NATIONAL VITAMIN C DAY
National Vitamin C Day on April 4th each year shares all the ways vitamin C nurtures and benefits our health, inside and out!
While Vitamin C is widely recognized for warding off colds, the vitamin is also clinically proven to be a powerhouse in other areas of health, too. For example, Vitamin C may reduce blood pressure and potentially lower the risk of heart disease. Those at risk of gout can lower that risk by increasing their intake of Vitamin C.
Topically, Vitamin C keeps skin healthy by protecting it from oxidative damage caused by daily exposure to light, heat, and pollution. The popularity of topical vitamin C products has risen dramatically.
With the right product, adding Vitamin C to your beauty regimen can brighten your skin, reduce inflammation, and promote healthy collagen production. Vitamin C brightens just about any health routine.
HOW TO OBSERVE #VitaminCDay
Learn more about why vitamin C is essential for skin health – find the right vitamin C serum for you. Share your experiences using vitamin C in your daily regime. How has it benefited you?
Discover more with #vitaminCday on social media.
NATIONAL VITAMIN C DAY HISTORY
SkinCeuticals founded National Vitamin C Day in 2019 to celebrate this research and the proven benefits of vitamin C.
The research of Dr. Sheldon Pinnell, founding scientist of SkinCeuticals, established the parameters for effective vitamin C antioxidant delivery to the skin, allowing SkinCeuticals to pioneer the emergence of cosmeceuticals.
The Registrar at National Day Calendar proclaimed the day to be observed on April 4th annually.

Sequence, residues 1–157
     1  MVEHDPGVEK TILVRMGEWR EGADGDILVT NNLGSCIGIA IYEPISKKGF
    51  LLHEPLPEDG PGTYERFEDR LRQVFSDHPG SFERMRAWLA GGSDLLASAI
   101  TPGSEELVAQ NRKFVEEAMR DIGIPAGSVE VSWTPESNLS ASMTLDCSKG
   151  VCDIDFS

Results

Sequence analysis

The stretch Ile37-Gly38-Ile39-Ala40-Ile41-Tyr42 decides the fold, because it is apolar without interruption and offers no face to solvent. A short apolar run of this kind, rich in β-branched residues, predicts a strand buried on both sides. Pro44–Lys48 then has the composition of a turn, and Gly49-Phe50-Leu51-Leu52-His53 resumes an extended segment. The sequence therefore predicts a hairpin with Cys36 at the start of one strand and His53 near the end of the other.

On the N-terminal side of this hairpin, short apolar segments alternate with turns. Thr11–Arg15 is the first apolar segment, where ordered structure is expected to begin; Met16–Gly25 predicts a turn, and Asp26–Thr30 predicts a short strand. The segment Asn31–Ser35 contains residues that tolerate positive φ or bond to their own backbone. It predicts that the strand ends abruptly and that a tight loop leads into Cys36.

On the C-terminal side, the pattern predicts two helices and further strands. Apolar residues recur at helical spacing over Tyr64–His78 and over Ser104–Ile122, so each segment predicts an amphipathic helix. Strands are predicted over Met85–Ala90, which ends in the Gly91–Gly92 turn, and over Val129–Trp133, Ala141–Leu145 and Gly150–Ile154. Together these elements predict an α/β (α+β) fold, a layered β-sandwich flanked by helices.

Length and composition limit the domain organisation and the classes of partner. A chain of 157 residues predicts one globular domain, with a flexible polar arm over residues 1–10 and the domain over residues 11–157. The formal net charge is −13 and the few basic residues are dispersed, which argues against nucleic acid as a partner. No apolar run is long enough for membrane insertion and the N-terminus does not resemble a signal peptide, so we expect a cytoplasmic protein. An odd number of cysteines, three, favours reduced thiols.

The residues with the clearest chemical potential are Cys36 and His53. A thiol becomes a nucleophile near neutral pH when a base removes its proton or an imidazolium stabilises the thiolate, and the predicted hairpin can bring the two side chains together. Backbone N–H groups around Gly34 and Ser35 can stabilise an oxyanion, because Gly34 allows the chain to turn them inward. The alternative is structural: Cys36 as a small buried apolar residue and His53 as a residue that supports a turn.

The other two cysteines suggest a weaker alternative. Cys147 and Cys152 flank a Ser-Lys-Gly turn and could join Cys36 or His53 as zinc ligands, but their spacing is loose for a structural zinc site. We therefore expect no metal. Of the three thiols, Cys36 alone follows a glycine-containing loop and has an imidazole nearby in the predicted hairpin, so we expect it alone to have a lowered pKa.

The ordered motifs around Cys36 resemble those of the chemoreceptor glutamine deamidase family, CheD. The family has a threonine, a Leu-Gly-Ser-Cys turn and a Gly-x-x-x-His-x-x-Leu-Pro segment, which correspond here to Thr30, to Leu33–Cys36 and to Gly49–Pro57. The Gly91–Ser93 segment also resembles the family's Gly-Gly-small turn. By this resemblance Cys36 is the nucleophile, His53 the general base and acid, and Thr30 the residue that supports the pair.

Vitamin C FAQ
Q. What is another name for vitamin C?
A. Vitamin C is also known as L-ascorbic acid.
Q. What foods have the most vitamin C?
A. It might surprise you to know that citrus fruits, while high in vitamin c, are not the foods with the most. Oranges contain approximately 70 mg of vitamin C. These foods contain even more:
- Rosehips – 119 mg
- Red bell pepper – 95 mg
- Guava – 126 mg
- Papaya – 96 mg
- Chili Pepper – 109 mg
April 4th Celebrated (and Not So Celebrated) History
President William Henry Harrison dies 31 days into office and becomes the first president to die in office. He was also the shortest service president. The 9th president’s death also ushered in the first vice president to succeed a president due to death – Harrison’s running mate John Tyler.
The people of Argonia, Kansas, elected Susanna Salter as their mayor. Her name was placed on the ballot as a prank against the opposition, but it backfired. Salter was the first woman elected as mayor in the United States and had more than just a little understanding of politics. She was also a member of the Women’s Christian Temperance Union and set into practice her teetotaler ways. That same year, she also gave birth to a son.
The nutritionist Charles Glen King isolates vitamin C while conducting a study at the University of Pittsburgh. Though Hungarian biochemist Szent-Gyorgyi earned a Nobel Prize in 1937 for isolating the vitamin first, many believe King deserves recognition for his work.